Abbott Signs Bill Protecting Women’s Sports

( – Texas Governor Greg Abbott, a Republican, has signed a bill into law that prohibits transgender-identifying males (so-called “trans women”) from participating in collegiate sports teams. The legislation expands a 2021 law requiring that public school sports be separated by biological gender.

Known as Senate Bill 15 or the “Save Women’s Sports Act,” the new law mandates that athletes can only participate on sports teams that align with their biological gender. According to the legislation, this is determined by the gender listed on a student’s original birth certificate.

To ensure compliance with state and federal laws regarding student health and medical information confidentiality, rules will be made and put into effect by the Texas Higher Education Coordinating Board, which is in charge of regulating post-secondary education in the state.

During the signing of the bill, Governor Abbott expressed concern for women’s sports, stating that they are under threat. He highlighted instances where women are forced to compete against biological men, jeopardizing women’s college athletic teams, records, and dressing rooms.

This action in Texas is part of a larger trend seen in several Republican-led states, where legislation described as “anti-LGBTQ bills” is being proposed. In March NCAA swimmer Riley Gaines, who is against Trans women in sports, spoke about being required to change in the same locker room as a transgender individual who had not undergone surgical transition- and how that made her extremely uncomfortable.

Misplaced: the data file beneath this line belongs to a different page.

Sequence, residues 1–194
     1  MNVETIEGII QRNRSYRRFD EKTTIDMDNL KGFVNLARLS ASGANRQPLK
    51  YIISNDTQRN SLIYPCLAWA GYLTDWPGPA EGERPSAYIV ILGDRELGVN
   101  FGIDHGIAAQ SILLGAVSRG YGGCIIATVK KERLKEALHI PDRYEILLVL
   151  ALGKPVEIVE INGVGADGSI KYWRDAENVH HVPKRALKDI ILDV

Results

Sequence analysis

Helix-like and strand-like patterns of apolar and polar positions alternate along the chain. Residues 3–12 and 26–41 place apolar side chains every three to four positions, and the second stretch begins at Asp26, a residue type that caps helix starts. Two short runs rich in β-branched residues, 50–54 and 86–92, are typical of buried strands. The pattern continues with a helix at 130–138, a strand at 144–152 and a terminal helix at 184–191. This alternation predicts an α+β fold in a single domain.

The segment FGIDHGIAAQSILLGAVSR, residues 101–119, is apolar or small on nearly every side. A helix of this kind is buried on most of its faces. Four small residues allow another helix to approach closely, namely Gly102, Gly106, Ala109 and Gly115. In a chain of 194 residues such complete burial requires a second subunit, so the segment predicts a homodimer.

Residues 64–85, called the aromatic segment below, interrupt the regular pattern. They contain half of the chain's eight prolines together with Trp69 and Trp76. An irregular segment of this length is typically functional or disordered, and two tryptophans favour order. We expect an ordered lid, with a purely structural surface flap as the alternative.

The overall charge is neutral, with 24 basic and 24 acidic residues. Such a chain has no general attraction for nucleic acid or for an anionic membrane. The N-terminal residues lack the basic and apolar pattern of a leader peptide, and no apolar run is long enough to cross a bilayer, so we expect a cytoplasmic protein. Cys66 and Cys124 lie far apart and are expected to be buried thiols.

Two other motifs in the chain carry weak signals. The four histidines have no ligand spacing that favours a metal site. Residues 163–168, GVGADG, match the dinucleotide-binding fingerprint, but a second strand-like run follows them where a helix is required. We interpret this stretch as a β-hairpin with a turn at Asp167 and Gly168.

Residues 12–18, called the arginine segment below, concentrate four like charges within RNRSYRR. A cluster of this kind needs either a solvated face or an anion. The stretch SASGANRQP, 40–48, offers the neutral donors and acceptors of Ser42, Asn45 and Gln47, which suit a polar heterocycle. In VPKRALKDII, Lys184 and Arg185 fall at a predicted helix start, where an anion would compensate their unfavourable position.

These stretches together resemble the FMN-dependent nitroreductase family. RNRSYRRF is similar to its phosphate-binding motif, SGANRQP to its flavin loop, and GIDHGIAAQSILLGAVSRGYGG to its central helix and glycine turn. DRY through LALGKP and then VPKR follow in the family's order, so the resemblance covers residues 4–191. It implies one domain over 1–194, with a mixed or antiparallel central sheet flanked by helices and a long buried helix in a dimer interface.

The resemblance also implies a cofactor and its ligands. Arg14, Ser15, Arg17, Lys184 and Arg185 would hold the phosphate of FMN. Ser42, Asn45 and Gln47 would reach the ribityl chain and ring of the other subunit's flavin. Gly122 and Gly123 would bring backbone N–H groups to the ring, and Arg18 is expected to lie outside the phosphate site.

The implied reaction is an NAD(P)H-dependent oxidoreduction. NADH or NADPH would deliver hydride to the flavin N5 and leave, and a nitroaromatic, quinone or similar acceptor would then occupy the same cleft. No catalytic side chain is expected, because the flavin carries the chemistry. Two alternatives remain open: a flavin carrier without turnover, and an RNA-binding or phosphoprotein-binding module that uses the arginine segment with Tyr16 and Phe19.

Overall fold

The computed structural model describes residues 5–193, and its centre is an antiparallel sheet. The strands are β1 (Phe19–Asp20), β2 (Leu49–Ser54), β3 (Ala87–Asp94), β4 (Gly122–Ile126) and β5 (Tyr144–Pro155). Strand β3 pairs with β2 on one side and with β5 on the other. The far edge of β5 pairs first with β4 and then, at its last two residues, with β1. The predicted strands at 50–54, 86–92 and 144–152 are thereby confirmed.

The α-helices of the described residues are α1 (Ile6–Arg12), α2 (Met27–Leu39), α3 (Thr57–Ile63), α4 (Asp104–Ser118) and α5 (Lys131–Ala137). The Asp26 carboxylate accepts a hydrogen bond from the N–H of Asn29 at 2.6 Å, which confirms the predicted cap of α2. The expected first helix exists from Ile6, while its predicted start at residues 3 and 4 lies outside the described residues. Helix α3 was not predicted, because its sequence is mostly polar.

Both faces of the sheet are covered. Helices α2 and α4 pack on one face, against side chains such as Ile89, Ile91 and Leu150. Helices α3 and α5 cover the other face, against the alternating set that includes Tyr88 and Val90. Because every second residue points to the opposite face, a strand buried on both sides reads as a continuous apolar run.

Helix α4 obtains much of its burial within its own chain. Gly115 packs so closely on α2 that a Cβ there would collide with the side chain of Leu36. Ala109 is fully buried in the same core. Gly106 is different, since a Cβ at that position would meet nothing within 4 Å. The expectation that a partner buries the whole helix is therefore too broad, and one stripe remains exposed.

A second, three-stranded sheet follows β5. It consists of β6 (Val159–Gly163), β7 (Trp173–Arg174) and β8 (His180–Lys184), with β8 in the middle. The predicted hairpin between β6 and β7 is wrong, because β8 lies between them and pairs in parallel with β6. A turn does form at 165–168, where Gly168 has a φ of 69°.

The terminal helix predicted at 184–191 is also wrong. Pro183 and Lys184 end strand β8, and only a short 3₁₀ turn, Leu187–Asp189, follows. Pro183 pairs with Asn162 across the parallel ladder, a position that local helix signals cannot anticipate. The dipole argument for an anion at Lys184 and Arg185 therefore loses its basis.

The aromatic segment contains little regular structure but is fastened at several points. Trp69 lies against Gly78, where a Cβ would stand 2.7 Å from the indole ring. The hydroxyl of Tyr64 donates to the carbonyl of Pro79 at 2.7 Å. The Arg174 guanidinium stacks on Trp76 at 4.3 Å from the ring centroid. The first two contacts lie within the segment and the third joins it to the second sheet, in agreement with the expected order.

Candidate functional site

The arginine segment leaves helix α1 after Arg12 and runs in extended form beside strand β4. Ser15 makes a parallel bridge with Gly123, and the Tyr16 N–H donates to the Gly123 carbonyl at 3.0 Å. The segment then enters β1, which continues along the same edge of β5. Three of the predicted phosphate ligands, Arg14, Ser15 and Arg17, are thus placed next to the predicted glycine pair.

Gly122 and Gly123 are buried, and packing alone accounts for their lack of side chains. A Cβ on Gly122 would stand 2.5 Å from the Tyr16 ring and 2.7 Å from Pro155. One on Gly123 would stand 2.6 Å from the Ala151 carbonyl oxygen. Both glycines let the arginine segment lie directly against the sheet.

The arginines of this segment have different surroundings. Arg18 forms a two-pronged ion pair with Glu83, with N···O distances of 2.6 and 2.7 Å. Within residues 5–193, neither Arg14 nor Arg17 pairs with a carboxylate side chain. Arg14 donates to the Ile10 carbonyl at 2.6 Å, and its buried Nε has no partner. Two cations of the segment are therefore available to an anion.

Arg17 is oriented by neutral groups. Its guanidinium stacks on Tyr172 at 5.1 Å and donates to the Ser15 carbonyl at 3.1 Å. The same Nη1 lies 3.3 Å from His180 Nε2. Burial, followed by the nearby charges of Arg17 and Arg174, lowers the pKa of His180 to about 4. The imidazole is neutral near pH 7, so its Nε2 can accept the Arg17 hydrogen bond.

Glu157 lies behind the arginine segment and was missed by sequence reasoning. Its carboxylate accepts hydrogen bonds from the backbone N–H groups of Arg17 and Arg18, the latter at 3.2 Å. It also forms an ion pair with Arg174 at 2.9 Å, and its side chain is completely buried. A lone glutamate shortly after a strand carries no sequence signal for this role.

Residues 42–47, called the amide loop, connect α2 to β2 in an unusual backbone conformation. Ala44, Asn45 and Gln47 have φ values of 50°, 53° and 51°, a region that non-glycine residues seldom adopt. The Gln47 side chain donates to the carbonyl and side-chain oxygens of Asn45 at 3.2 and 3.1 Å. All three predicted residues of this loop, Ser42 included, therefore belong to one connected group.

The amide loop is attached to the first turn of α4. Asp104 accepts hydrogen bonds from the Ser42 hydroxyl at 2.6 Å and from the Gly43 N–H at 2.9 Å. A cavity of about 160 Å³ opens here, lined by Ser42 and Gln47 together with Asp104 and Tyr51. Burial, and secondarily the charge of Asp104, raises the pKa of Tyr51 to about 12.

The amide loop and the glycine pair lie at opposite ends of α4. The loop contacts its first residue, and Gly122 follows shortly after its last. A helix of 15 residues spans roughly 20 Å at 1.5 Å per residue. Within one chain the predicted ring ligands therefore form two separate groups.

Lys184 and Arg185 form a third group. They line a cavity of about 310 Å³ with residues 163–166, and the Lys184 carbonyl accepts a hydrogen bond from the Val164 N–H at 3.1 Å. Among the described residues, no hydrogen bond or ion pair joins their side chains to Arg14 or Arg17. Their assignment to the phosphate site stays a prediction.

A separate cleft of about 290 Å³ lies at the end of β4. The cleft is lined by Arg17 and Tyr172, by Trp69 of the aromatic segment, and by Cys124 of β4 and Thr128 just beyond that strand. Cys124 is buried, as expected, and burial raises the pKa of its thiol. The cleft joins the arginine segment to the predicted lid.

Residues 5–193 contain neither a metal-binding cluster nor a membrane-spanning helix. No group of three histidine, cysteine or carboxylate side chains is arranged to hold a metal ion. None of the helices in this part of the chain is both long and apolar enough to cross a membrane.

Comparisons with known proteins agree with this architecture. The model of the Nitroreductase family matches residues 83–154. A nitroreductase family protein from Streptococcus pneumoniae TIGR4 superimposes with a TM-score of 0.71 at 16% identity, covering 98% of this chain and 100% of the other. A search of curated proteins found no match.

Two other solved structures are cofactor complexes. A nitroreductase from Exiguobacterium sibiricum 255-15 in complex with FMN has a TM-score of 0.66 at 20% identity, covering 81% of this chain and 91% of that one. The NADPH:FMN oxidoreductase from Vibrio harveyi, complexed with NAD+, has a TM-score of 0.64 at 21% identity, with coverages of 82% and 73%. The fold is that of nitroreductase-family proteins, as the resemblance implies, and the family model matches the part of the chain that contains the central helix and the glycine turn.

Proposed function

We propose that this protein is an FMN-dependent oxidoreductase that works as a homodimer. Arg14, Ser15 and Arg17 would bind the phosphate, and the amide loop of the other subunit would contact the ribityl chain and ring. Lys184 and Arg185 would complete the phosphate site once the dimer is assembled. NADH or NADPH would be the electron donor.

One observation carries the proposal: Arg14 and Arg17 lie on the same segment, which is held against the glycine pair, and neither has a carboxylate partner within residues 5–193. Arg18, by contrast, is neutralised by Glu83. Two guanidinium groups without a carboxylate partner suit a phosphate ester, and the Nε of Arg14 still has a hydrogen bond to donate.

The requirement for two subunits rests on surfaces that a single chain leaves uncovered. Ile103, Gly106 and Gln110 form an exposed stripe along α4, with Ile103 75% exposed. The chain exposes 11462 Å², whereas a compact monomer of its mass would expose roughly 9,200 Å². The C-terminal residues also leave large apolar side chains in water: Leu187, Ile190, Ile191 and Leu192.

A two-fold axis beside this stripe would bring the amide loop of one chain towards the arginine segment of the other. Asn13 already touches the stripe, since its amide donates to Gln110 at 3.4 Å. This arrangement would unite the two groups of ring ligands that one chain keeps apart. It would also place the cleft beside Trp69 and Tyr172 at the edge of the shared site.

Previously, the National Collegiate Athletic Association (NCAA) allowed transgender athletes to compete in the category that corresponds to their gender identity. However, as aforementioned, this new law in Texas now restricts transgender identified males from participating in collegiate sports teams aligned with their gender identity.

The prospect of gender identity will definitely be a sensitive and important subject regarding the big-ticket issues for the 2024 presidential elections- it remains to be seen what can be done to have a bi-partisan agreement on the issue- as it disproportionately affects younger people.

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